- Students do not have to agree, but they must listen and use respectful language in their discussion with one another.
- Students should be reminded that one of their objectives is to understand the many perspectives on this issue. This requires active listening skills.
Activity 1: What Went Wrong at Waco?
Through viewing, students will be able to identify where and how the government, while enforcing the law, both violated and protected citizens' rights.
Provide each student with a copy of the Constitution and the amendments and ask them to identify which areas were affected by the incident at Waco. (You may want to prompt them to examine which aspects of the 1st, 2nd, 4th, and 5th amendments were relevant.) Facilitate a pre-viewing discussion so that students become fully aware of the relevant issues and are prepared to "actively" view the program.
- Divide the class in half. While watching the video, have one half write down incidents where they see examples of the government protecting citizens' rights while enforcing the law and the other half write down incidents of the government violating citizens' rights while enforcing the law.
- Show the video in segments pausing periodically for students to write their notes.
- Divide each half of the class into small groups of 3-5 students. Have group members share their notes. Ask each group to present a brief summary of their findings.
Activity II: Take a Stand
Students will be able to establish and defend a position on the issue of whether the government acted responsibly in respecting people's rights and enforcing the law.
- Write the following statement on the board: "The government acted responsibly in this incident, fulfilling its role as protector of individual rights and enforcer of the law." On the floor, make a line with masking tape the length of the room. Label one end "strongly agree" and the other end "strongly disagree."
- Ask students to privately write down their own opinion and reasons on a piece of paper, then position themselves along the line indicating how strongly they feel.
- Ask students to voice their opinion and reasons to the rest of the class. Students are free to change their position on the line at any time but must share the reason for their change.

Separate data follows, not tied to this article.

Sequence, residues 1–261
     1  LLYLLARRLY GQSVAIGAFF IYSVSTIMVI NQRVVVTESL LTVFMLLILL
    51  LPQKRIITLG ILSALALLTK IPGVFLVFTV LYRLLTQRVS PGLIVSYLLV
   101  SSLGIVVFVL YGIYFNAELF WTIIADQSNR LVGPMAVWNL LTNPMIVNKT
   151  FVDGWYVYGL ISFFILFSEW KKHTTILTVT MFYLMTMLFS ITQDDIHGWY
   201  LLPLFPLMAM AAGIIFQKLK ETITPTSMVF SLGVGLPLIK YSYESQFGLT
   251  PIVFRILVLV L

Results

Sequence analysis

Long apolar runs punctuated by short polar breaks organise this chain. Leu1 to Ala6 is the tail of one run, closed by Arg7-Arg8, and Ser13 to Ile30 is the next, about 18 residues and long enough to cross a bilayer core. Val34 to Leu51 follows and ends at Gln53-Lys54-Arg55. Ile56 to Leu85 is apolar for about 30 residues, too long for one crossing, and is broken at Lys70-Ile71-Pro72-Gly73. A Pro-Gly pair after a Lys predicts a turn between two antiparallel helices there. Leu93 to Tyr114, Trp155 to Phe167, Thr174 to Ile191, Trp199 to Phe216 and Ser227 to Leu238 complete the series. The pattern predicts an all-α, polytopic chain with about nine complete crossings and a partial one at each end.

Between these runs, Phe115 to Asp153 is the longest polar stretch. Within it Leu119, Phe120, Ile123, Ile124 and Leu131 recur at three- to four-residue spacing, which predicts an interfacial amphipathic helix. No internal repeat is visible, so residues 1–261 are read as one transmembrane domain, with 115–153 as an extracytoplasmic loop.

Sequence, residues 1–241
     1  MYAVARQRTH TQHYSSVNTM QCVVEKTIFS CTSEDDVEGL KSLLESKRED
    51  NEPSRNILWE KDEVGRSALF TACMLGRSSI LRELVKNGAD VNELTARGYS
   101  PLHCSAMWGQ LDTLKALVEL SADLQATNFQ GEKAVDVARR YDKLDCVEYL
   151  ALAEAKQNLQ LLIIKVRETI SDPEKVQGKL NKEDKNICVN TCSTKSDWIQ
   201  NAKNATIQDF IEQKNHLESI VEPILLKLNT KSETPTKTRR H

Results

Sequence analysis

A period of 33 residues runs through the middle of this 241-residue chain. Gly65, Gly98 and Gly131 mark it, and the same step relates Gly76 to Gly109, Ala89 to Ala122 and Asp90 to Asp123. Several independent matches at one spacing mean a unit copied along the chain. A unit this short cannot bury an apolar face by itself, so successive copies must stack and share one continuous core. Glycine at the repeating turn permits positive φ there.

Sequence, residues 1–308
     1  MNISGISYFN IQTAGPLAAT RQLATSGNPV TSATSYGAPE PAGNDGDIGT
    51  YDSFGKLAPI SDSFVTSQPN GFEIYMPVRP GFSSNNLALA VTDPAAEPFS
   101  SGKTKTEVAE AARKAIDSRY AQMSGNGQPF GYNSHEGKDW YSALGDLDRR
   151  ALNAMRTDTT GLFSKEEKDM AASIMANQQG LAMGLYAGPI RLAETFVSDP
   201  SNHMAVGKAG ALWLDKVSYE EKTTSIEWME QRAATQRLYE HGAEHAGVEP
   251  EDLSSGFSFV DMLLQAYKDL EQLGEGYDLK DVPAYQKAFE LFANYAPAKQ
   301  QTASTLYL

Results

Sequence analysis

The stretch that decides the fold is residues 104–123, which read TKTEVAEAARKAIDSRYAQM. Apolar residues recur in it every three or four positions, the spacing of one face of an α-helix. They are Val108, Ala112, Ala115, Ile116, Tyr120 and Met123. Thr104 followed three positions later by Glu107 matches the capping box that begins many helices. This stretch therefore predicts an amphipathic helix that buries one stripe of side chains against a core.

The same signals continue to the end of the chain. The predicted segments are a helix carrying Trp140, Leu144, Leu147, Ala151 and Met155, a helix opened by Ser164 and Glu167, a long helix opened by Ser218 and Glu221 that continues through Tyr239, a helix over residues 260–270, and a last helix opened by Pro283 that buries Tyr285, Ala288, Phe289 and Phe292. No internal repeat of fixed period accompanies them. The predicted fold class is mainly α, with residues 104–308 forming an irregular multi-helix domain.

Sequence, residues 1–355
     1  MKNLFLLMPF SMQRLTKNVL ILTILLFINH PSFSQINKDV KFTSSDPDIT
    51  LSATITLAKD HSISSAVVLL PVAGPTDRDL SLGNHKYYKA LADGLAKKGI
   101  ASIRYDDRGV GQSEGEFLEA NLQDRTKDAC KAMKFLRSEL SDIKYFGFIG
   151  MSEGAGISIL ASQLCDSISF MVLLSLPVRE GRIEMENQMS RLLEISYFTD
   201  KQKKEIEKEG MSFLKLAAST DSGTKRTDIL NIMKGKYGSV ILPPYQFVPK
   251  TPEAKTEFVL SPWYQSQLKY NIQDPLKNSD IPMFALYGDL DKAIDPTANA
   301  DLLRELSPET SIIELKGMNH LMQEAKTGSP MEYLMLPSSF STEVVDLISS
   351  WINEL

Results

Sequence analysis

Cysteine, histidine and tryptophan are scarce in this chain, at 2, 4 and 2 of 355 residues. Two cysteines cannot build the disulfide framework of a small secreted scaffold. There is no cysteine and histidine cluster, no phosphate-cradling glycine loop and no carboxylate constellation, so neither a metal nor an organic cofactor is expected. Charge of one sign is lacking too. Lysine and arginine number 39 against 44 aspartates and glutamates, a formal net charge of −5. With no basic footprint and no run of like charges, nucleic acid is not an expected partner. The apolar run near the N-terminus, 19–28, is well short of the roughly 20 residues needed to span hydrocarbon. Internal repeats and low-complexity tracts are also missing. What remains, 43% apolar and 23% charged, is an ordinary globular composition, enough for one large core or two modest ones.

- After all students have spoken, divide students into "agree" and "disagree" groups of 3-5 students and give them 10-15 minutes to list their three strongest reasons. A spokesperson for each group will present these reasons to the class. You can include rebuttal time if you wish.
- Facilitate a discussion about how listening to others' views helps to form or to change their opinions. What influenced them the most? Why is it important to consider others' views? How important is it to stay open minded when listening to others?
Organize a press conference of three different groups of 2-3 students: representatives from the FBI; representatives for Janet Reno at the Department of Justice; and representatives of surviving Branch Davidians. While these students research the incident in news periodicals and other sources suggested in this guide, brainstorm with the rest of the class questions for each group. Meet with each of the "representative" groups before the press conference to ensure that each group is adequately prepared for questions they might be asked. Have all students come together for a press conference.
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Funding for this educational guide is provided by PBS and PBS Video. It was created by educational consultant Simone Bloom Nathan, Ed.M., writer Greg Timmons of the Constitution Project, Jim Bracciale, and Eileen Warren with input from the Outreach Advisory Board: high school social studies teachers Lawrence Verria and Barbara Wood, KLVX Director of Distance Learning Lee Solanche, and New England School of Law Professor George Dargo. The designer is Dennis O'Reilly. Photography by: front cover-Julie Nestingen, top, left; Peter Turnley/Blackstar, center; Stephanie Berger, Stephanie Berger and John Gaga/FPG International, Alan Levenson/LGI, David Joel, right, top to bottom. Back cover-Greg Smith/SABA. © 1995 WGBH Educational Foundation.
Teachers may photocopy this material for educational purposes. All other rights reserved.
(c) 1995 WGBH Educational Foundation
New Content Copyright © 1998 PBS and WGBH/FRONTLINE